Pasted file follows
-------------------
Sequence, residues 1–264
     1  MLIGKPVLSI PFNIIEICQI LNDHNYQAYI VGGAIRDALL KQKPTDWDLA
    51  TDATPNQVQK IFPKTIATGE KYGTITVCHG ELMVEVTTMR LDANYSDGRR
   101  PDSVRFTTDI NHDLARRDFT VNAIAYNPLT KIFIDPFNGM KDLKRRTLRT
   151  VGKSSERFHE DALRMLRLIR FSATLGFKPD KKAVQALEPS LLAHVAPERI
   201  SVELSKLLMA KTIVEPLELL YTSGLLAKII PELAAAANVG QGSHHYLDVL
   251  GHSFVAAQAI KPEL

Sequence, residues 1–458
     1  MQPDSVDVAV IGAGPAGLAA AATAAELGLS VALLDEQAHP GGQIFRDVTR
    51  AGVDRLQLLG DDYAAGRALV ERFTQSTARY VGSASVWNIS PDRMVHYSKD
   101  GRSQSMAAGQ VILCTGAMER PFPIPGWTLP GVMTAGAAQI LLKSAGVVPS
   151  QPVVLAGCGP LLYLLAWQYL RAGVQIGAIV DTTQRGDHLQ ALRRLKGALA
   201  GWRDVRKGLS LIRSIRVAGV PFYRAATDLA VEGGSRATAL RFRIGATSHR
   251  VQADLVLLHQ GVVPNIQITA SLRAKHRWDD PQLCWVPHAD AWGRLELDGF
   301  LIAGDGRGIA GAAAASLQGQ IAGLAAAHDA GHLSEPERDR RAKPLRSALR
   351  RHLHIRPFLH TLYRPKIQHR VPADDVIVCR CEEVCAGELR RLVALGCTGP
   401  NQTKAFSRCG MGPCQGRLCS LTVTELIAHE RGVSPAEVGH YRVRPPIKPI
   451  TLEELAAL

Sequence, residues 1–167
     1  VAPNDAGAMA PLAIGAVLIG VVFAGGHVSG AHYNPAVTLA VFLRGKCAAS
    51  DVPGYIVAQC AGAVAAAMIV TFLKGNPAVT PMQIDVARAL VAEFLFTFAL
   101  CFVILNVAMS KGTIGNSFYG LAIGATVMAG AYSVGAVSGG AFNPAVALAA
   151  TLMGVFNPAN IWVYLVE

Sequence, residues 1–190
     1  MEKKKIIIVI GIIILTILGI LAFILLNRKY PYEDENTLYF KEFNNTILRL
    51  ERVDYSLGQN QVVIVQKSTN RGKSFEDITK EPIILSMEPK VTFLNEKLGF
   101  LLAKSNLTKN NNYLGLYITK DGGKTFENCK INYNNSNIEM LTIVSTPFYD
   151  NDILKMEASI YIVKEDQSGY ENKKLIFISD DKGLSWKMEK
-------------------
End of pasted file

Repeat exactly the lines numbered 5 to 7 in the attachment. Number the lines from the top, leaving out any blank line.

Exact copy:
   151  VGKSSERFHE DALRMLRLIR FSATLGFKPD KKAVQALEPS LLAHVAPERI
   201  SVELSKLLMA KTIVEPLELL YTSGLLAKII PELAAAANVG QGSHHYLDVL
   251  GHSFVAAQAI KPEL